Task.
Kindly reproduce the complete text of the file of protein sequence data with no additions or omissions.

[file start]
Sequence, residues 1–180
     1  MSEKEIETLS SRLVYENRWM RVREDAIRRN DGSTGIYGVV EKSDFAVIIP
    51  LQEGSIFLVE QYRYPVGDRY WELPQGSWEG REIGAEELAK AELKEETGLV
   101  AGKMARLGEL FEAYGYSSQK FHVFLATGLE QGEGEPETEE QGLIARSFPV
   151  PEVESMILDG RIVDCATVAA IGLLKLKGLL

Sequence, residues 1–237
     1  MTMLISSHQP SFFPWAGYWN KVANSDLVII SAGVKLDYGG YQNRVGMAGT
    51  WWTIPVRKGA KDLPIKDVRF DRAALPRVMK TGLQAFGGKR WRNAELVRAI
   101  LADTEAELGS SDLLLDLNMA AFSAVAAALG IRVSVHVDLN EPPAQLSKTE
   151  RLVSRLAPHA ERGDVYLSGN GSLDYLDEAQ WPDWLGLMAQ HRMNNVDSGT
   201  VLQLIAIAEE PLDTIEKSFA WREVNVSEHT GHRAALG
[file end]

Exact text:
Sequence, residues 1–180
     1  MSEKEIETLS SRLVYENRWM RVREDAIRRN DGSTGIYGVV EKSDFAVIIP
    51  LQEGSIFLVE QYRYPVGDRY WELPQGSWEG REIGAEELAK AELKEETGLV
   101  AGKMARLGEL FEAYGYSSQK FHVFLATGLE QGEGEPETEE QGLIARSFPV
   151  PEVESMILDG RIVDCATVAA IGLLKLKGLL

Sequence, residues 1–237
     1  MTMLISSHQP SFFPWAGYWN KVANSDLVII SAGVKLDYGG YQNRVGMAGT
    51  WWTIPVRKGA KDLPIKDVRF DRAALPRVMK TGLQAFGGKR WRNAELVRAI
   101  LADTEAELGS SDLLLDLNMA AFSAVAAALG IRVSVHVDLN EPPAQLSKTE
   151  RLVSRLAPHA ERGDVYLSGN GSLDYLDEAQ WPDWLGLMAQ HRMNNVDSGT
   201  VLQLIAIAEE PLDTIEKSFA WREVNVSEHT GHRAALG